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  • A year as the Master Tax Adviser

    By Anais Bresle / 2 November 2018 / Comments

    Worshipful Company of Tax Advisers (WCoTA) Crest

    Morag has just finished her term as Master of the Worshipful Company of Tax Advisers (WCoTA); today, she reflects on her last 12 months and explains the little known world of Livery Companies.

    Could you tell us a bit about your background and how you became Master of the WCoTA?

    My career started at Lloyds Bank where I became a Chartered Banker before switching to accountancy at Deloitte, qualifying as a Chartered Accountant and subsequently a Chartered Tax Adviser specialising in corporate tax.   Another of the Big 4 followed – KPMG, where I became involved in tax for PPP infrastructure projects, property tax and capital allowances.

    Currently I am the Finance Director of Operis Group plc, and also head up the client facing Tax and Accounting team.

    I decided to become involved with the WCoTA about 12 years ago, as an opportunity to broaden my network of tax colleagues in the City, and also to give something back to my profession and my community more widely through the charity initiatives.  Gradually working my way up through contributions on various committees before joining the main Board (known as the Court), I rose through the ranks to become Master.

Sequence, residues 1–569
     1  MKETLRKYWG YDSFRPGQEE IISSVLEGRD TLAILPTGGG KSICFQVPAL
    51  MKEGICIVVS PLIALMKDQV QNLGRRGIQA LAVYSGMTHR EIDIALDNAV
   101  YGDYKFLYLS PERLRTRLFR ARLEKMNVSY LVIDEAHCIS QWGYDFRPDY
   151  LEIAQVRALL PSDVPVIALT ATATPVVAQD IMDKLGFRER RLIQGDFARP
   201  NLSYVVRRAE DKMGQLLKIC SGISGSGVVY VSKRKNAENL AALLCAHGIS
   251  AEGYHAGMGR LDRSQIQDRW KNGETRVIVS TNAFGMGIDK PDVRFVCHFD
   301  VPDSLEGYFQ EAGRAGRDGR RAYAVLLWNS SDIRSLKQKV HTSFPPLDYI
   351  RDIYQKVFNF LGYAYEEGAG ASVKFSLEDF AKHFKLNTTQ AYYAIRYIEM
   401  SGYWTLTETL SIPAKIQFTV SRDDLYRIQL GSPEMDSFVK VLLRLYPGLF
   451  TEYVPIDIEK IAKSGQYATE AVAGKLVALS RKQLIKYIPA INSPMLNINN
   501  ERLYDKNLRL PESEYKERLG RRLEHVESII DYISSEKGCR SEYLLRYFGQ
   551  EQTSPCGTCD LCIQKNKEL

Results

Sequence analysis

Could you explain what Livery Companies are, and what is their role in the Modern City?

    As far back as the 13th century it was common for every city to have trade or craft guilds, such as the bakers, weavers, butchers etc.  The guilds served a number of functions – to regulate standards and control quality within the trade itself, to encourage fellowship between members, and to provide for members and their families in sickness and old age if necessary.

    The Livery Companies come out of the ancient guilds.  The term Livery comes from the name for the gowns worn by members to identify which Company they were from – and which are still worn by liverymen today.

    There are new guilds being formed all the time and recent ones include the HR Professionals, the Entrepreneurs and the Investment Managers.  A modern guild needs to have raised a certain amount in charitable funds before it can apply to become a full Livery Company.

    The Livery Companies comprise ancient trades, such as the Grocers, or Vintners, defunct trades such as Wheelwrights (wooden wheels) or Basketmakers, which is now an artisanal craft skill, to the super modern trades such as the Insurers, Actuaries, Management Consultants and International Bankers as well as my own Company, the Tax Advisers. My colleague, Jonathan Swan, is a liveryman of the Worshipful Company of Educators, one of the newer Companies.